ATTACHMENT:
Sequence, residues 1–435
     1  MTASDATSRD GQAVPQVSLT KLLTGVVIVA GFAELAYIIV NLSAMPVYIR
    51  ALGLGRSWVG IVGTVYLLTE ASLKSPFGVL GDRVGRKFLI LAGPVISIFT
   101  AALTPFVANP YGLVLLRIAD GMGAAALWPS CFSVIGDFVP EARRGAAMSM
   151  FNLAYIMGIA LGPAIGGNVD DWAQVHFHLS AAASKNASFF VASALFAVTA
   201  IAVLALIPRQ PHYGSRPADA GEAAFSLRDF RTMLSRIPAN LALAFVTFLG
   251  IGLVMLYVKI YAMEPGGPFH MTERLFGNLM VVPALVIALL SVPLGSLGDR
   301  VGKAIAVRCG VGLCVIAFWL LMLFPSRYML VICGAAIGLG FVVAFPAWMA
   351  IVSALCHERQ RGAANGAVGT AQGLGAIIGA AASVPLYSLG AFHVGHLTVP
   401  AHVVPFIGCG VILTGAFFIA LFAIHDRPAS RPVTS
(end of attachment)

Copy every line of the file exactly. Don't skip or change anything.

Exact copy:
Sequence, residues 1–435
     1  MTASDATSRD GQAVPQVSLT KLLTGVVIVA GFAELAYIIV NLSAMPVYIR
    51  ALGLGRSWVG IVGTVYLLTE ASLKSPFGVL GDRVGRKFLI LAGPVISIFT
   101  AALTPFVANP YGLVLLRIAD GMGAAALWPS CFSVIGDFVP EARRGAAMSM
   151  FNLAYIMGIA LGPAIGGNVD DWAQVHFHLS AAASKNASFF VASALFAVTA
   201  IAVLALIPRQ PHYGSRPADA GEAAFSLRDF RTMLSRIPAN LALAFVTFLG
   251  IGLVMLYVKI YAMEPGGPFH MTERLFGNLM VVPALVIALL SVPLGSLGDR
   301  VGKAIAVRCG VGLCVIAFWL LMLFPSRYML VICGAAIGLG FVVAFPAWMA
   351  IVSALCHERQ RGAANGAVGT AQGLGAIIGA AASVPLYSLG AFHVGHLTVP
   401  AHVVPFIGCG VILTGAFFIA LFAIHDRPAS RPVTS